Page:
One of the biggest trends right now is to put everything on the blockchain. It was just a matter of time, then, until a VPN service would pursue the siren song of decentralized public ledgers. That VPN’s name is Orchid from Orchid Labs and it has some serious development muscle behind it, including Jay Freeman, aka Saurik. Longtime iPhone users will remember Freeman as a leading voice in the iOS jailbreaking community and the developer of Cydia, the app store for jailbroken iOS devices.
Other co-founders include Dr. Steven Waterhouse, co-founder of Pantera Capital; Brian J. Fox, creator of the GNU Bash Shell; and Gustav Simonsson, a former core developer on Ethereum.
Note: This review is part of our best VPNs for Mac roundup. Go there for details about competing products and how we tested them.
There’s a lot of capability on this team, and they’ve come up with an interesting product. If you don’t care to know about cryptocurrencies or the blockchain, you can let all of those details happen in the background.
If, however, you’re a cryptocurrency fan, well, why are you still reading this? Just head over to Orchid’s website and get going. For the rest of us, let’s see how Orchid works in practice and how this VPN performs.
Paying for Orchid
Orchid isn’t your typical VPN, where you pay a flat monthly or annual fee for unlimited bandwidth. Instead, you pay in cryptocurrency on a per-packet basis. We’ll briefly get into how this works later, but it’s important to understand that you have to buy what are essentially credits to use Orchid. The service’s credits are a cryptocurrency called OXT, which is based on Ethereum. You can buy OXT on an exchange or you can buy OXT straight from the Mac App Store in one of three bundles.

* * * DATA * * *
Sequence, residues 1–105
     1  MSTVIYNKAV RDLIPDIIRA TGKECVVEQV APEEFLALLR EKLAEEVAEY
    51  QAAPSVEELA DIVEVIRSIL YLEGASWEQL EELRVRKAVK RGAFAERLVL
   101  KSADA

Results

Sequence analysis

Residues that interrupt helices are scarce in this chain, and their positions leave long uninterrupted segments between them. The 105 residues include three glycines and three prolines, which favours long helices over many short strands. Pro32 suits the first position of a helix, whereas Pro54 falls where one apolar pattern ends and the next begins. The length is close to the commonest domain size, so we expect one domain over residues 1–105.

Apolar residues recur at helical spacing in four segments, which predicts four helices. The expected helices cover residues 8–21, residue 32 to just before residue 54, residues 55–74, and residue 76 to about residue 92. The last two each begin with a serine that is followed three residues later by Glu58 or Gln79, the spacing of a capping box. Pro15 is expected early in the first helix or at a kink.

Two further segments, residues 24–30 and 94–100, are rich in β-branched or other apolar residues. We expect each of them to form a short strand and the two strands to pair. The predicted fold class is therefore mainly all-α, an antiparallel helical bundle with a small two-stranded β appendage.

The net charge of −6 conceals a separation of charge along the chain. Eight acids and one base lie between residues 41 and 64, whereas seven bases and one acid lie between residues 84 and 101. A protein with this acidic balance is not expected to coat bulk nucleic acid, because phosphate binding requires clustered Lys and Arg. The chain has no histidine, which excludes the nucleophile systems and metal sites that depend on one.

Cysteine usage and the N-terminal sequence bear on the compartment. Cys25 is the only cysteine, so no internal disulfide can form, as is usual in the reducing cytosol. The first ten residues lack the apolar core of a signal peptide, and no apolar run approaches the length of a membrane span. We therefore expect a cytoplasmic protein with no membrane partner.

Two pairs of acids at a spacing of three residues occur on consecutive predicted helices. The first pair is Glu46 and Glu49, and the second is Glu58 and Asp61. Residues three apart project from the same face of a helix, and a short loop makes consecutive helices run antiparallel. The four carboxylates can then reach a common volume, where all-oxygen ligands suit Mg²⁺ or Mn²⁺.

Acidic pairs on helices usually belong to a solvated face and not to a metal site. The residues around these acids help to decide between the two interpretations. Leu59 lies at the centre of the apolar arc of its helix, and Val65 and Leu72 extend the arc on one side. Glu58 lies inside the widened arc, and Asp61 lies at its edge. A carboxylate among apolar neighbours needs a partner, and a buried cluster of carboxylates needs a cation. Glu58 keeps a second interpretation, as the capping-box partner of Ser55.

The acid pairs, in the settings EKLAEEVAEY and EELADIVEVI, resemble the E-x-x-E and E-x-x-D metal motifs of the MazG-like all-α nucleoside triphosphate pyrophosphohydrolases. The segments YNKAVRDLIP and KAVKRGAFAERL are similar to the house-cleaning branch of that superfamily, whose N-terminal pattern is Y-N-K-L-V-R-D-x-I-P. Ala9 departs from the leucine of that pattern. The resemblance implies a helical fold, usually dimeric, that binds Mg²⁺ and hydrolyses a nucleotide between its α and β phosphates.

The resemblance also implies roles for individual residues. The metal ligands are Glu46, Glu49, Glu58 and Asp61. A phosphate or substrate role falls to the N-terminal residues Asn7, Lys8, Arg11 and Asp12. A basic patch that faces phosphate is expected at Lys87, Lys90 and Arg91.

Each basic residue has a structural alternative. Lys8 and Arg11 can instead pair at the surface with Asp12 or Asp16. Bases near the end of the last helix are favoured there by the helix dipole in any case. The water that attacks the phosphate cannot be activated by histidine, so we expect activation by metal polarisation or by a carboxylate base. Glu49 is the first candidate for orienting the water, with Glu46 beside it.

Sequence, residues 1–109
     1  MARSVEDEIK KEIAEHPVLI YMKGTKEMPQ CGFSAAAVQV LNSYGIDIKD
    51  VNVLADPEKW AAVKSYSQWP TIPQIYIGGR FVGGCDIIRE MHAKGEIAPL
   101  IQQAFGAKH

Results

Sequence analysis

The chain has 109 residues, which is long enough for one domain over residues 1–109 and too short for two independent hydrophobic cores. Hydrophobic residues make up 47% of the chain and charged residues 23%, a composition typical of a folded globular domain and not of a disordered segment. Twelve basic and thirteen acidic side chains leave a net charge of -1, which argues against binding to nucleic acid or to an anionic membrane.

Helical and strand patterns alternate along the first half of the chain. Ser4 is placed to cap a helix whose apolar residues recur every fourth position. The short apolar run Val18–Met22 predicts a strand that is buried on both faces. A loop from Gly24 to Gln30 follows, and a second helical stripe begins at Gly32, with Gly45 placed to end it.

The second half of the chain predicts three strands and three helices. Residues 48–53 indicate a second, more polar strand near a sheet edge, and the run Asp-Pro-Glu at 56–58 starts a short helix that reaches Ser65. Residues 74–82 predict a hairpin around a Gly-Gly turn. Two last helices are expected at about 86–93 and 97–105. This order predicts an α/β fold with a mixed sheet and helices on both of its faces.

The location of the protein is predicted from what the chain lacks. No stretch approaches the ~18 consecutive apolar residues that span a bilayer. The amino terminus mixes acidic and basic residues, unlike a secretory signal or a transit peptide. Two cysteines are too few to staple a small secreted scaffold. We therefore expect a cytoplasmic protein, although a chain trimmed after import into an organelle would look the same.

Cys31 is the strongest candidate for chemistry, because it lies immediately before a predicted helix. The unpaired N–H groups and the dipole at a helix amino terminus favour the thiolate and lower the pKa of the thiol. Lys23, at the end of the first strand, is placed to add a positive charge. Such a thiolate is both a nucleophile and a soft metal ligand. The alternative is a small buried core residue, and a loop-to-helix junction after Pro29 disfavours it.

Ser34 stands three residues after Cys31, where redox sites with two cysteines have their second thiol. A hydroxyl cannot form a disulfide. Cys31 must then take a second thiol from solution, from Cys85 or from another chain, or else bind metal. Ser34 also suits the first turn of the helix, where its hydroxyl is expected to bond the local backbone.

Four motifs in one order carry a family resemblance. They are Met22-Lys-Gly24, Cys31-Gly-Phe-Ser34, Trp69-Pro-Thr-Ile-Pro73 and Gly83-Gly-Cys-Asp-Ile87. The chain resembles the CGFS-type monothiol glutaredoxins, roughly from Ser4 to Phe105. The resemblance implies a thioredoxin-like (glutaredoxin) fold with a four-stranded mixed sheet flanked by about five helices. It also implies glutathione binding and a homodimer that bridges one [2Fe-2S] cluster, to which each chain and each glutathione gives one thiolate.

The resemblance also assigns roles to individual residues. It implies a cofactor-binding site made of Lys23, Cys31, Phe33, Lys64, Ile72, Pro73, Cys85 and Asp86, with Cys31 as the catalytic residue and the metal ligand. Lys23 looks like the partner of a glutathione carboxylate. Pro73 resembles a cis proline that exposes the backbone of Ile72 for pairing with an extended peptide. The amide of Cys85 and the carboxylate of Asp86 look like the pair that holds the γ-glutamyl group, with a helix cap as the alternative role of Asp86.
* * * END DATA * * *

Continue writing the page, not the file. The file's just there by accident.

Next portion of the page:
A basic light-browsing bundle costs $40, a medium-usage bundle is $80, and the heavy-user bundle is $200. Alternatively, cryptocurrency veterans can buy OXT on exchanges such as Coinbase, Bitcoin.com, Binance, and others. Then you just add the funds to your cryptocurrency wallet, set up an account with Orchid, and you’re good to go. The beauty of this approach, while more complicated, is that paying for Orchid directly provides extra anonymity compared to buying a bundle with your credit card from the App Store.
The problem is that it’s hard to say how much VPN usage you get for your money. Orchid says the cost is around 3 to 8 cents per gigabyte. The company figures that if a family were to funnel about 350 gigabytes per month through Orchid it would end up costing between $10 to $30.
That wild range in pricing is in part because you may not actually pay anything from your OXT credits for a while. Instead of paying outright for each packet, Orchid payments happen on what is essential a lottery basis, a scheme called “probabilistic nanopayments.”
Every time a user connects to a provider they send along a digital ticket. Just like in Charlie and the Chocolate Factory some of those tickets are “golden” and return OXT to the bandwidth provider. Most tickets, however, do not.
Bandwidth providers only make money when they receive a golden ticket, and users only pay out when they’ve delivered one. Neither side knows whether they have a winning ticket until it’s received, but the system is weighted in such a way that over the course of a week or a month, providers get value returned for their investment and users pay out relative to their usage.
It sounds complicated, but that’s cryptocurrency design for you.
One excellent thing about using Orchid is that there’s no requirement for an email address or even a username or account number. That doesn’t mean it’s perfectly anonymous (especially if you pay for Orchid via the Mac App Store), but if you get your own OXT it’s a far cry better than most VPNs.
Using Orchid is a snap
When you first open up Orchid it’s pretty straightforward. There’s a good-sized Connect button, as well as a Manage Profile button. Click the latter, and you can purchase a bundle for your first hop, add a WireGuard or OpenVPN configuration, or link an Orchid account if you bought OXT directly off an exchange.
After that, connecting to the VPN is easy. You just click the Connect button and that’s it. There are no choices for countries or regions, and in my experience, all servers were in the United States.
The decentralized part